Chronic Periodontitis and the Risk of Tongue Cancer | Head and Neck Cancer | JAMA Otolaryngology–Head & Neck Surgery | JAMA Network
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Original Article
May 2007

Chronic Periodontitis and the Risk of Tongue Cancer

Author Affiliations

Author Affiliations: Departments of Periodontics and Endodontics (Dr Tezal), Restorative Dentistry (Dr Sullivan), Social and Preventive Medicine (Drs Reid, Marshall, Hyland, and Wactawski-Wende), Surgery (Dr Loree), and Oral Biology (Dr Scannapieco), State University of New York at Buffalo; and Departments of Dentistry and Maxillofacial Prosthetics (Drs Tezal and Sullivan), Cancer Prevention and Control (Drs Reid and Marshall), Cancer Prevention and Population Sciences (Dr Hyland), Head and Neck Surgery (Dr Loree), and Tumor Registry (Mss Lillis and Hauck), Roswell Park Cancer Institute, Buffalo.

Arch Otolaryngol Head Neck Surg. 2007;133(5):450-454. doi:10.1001/archotol.133.5.450
Abstract

Objective  To assess the association between the history of chronic periodontitis and the risk of tongue cancer.

Design  Case-control study using preexisting data from patients admitted between June 15, 1999, and November 17, 2005.

Setting  Department of Dentistry and Maxillofacial Prosthetics at Roswell Park Cancer Institute (RPCI), Buffalo, NY.

Patients  The cases comprised 51 non-Hispanic white men newly diagnosed as having primary squamous cell carcinoma of the tongue, and the controls, 54 non-Hispanic white men evaluated during the same period but with negative results for malignancy. Children (aged <21 years), edentulous or immunocompromised patients, and those with history of any cancer were excluded. History of periodontitis was assessed by alveolar bone loss measured from panoramic radiographs by 1 examiner blind to cancer status.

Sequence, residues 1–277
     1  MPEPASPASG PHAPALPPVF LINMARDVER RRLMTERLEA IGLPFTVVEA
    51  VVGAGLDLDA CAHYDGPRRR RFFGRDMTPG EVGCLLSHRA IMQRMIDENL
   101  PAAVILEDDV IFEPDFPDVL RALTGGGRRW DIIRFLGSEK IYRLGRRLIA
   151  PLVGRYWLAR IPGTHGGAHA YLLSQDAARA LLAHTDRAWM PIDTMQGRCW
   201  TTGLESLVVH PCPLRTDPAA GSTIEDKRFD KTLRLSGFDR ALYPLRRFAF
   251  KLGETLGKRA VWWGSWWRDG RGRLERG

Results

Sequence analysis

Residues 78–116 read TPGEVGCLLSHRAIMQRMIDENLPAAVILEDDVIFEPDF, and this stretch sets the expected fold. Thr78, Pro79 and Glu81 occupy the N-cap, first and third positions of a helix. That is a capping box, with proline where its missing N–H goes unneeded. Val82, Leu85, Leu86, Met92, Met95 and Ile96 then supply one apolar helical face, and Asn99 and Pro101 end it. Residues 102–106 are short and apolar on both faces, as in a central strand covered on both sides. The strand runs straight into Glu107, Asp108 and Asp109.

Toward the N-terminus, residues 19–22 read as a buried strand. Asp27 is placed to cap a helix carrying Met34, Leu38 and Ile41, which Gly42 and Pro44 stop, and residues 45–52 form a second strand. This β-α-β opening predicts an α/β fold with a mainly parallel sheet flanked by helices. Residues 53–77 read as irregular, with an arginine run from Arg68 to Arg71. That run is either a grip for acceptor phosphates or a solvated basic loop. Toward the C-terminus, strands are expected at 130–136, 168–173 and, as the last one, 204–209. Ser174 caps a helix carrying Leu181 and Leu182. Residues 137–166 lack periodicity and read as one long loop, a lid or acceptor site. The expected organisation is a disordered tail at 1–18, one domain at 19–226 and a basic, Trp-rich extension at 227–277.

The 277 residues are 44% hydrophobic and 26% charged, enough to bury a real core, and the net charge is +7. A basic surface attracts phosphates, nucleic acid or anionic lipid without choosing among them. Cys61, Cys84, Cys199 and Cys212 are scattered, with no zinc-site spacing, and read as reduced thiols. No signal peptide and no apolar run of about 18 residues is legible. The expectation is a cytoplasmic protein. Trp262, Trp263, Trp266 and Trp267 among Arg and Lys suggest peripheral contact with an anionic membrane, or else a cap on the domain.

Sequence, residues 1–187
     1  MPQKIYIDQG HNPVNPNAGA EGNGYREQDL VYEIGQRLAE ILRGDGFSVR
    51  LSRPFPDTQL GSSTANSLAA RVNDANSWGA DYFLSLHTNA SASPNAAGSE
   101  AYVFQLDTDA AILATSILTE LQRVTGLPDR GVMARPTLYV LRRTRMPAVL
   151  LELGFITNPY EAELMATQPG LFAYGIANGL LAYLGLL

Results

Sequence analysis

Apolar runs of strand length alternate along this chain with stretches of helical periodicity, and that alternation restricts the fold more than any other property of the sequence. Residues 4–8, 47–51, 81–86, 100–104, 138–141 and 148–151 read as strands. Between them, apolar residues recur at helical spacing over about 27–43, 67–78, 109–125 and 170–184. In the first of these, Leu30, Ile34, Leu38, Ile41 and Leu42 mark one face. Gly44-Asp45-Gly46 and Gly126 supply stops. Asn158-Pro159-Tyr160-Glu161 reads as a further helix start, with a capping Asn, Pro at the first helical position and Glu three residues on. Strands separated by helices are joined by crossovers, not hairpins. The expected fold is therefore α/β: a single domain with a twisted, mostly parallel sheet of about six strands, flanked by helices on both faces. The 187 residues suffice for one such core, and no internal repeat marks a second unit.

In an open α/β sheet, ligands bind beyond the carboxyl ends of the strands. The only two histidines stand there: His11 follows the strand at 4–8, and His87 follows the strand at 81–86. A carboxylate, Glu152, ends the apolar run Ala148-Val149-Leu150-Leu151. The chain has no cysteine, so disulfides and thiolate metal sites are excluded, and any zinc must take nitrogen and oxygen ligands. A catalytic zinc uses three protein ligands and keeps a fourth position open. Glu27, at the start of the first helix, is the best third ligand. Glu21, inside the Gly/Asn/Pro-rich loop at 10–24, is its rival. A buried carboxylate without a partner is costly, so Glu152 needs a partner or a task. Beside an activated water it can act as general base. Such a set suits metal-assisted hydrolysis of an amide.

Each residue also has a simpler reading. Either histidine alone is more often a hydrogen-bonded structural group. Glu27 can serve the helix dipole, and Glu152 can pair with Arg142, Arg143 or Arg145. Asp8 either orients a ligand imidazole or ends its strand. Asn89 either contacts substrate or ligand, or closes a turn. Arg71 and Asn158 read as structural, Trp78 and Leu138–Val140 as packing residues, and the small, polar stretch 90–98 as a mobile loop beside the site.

Main Outcome Measure  Incidence of tongue cancer obtained from the RPCI Tumor Registry.

Results  After adjusting for the effects of age at diagnosis, smoking status, and number of teeth, each millimeter of alveolar bone loss was associated with a 5.23-fold increase in the risk of tongue cancer (odds ratio, 5.23; 95% confidence interval, 2.64-10.35).

Conclusions  This study suggests an association between chronic periodontitis and the risk of tongue cancer in men, independent of smoking status, age, race, ethnicity, and number of teeth. This association needs to be confirmed by larger studies using quantitative assessment of lifetime tobacco exposure. If this association is confirmed, it has a potential impact on understanding the etiology of oral cancer as well as on its prevention and control.

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